In fact, trying to charge that high is dangerous in many homes. The house's service is not ready for the load. And since cars don't actually need it, why do it?

A common 20A circuit, bumped to 240V, will give you 4KW charge rate or 120 miles restored in a conservative 10-hour overnight. Think about it. That's plenty. Even if it wasn't, literally 5 minutes at a Supercharger will get you the rest of the way.

So you don't need a 50A circuit or probably, even a 30A circuit. Feel this getting easier?

Ampacity / available service at the house

You must begin by doing a Load Calculation on the service, per NEC Article 220. Many city governments have a worksheet to help you do this. Many commercial websites also have fake articles on this topic; a proper Load Calculation starts with "3 VA per square foot" and 1500VA for kitchen and laundry circuits, and then looks at 240V appliances.

Once you have a Load Calculation, you can compare that to your service size (the size the power company has sized their delivery wires for; typically same as the main breaker) ... and that will tell you the max for the EV breaker. (note that EVs actually charge at 80% of breaker trip, so 32A on a 40A circuit).

How do you tell the charger what amps it can safely pull from the house? With the Tesla Wall Connector, you dial it to anything as part of the Commissioning Procedure. With the travel EVSE, they sell 8 different dongle plugs, and the plug actually contains a microchip which tells the car the ampacity of the plug. (e.g. 20A for a NEMA 6-20 plug).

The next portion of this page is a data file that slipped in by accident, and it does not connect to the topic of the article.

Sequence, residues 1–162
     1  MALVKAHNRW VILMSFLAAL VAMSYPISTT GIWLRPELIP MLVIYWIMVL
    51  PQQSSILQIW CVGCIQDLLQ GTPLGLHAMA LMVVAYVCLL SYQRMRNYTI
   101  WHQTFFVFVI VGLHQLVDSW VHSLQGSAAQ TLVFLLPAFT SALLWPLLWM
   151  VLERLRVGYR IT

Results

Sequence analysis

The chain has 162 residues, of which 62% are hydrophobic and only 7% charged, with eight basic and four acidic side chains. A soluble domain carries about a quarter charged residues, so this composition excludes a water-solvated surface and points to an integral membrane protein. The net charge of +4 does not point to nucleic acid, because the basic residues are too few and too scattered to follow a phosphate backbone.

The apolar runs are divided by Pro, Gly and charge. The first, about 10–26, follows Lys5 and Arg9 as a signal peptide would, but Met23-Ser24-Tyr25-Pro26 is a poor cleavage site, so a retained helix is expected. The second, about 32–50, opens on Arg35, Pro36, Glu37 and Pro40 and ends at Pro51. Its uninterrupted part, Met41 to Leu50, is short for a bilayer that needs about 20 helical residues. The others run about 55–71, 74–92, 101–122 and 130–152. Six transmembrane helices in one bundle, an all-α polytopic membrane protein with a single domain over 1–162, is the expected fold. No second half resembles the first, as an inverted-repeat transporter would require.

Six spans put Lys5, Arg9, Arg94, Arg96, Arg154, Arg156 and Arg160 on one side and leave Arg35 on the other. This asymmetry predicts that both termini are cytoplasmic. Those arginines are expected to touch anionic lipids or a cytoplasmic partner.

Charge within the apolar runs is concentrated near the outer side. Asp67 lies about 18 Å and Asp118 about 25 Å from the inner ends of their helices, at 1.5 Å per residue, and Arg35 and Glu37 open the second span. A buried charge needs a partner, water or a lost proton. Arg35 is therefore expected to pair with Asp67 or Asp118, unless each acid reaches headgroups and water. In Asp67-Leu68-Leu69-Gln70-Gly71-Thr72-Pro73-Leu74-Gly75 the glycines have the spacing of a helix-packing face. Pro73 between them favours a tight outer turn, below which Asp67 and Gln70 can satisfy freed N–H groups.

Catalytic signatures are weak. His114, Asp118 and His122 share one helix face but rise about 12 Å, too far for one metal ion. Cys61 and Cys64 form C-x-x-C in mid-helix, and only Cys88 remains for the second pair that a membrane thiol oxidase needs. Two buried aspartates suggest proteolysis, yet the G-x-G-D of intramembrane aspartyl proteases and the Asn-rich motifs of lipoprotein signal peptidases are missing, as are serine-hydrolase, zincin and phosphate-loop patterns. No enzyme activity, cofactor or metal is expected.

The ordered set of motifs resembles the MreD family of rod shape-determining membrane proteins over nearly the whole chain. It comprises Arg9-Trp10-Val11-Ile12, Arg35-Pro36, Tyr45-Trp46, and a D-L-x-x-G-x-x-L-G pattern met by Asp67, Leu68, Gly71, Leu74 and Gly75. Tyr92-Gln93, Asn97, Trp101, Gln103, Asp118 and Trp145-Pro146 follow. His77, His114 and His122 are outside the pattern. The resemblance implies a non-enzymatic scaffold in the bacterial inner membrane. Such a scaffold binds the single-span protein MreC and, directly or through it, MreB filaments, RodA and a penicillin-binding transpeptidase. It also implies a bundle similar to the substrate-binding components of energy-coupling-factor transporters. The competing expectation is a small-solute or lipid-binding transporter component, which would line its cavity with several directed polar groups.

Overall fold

If you just use the travel charger with 50A socket as you plan, that socket is also used on 40A circuits, so the EVSE assumes 40A and charges at 32A actual. So you don't even get "50A" (40A actual) out of it.

What keeps you from overloading the house? On old Rule of Six "6 main breakers" panels, nothing but the Load Calculation. Really. On panels with a single main breaker, that helps, but really the Load Calculation should be reviewed as part of pulling the permit.

Remember the part where I said EVs can charge very comfortably on a 20A/240V circuit? Yeah, that's a lot easier to get by the inspector, since it wires exactly like a normal household circuit with normal #12 Romex.

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240V at 15 or 20 amps is just that easy.

EV charging does not require neutral. BUT: If you install a receptacle that does have neutral, such as a NEMA 14-50, 14-30 or (outlawed) 10-30 -- then you must run neutral to the receptacle. It will be wasted, but it's necessary in case somebody plugs something else into that receptacle. Plugging an RV into a 14-50 that didn't have neutral would fry every electrical appliance on it.

About hard-wiring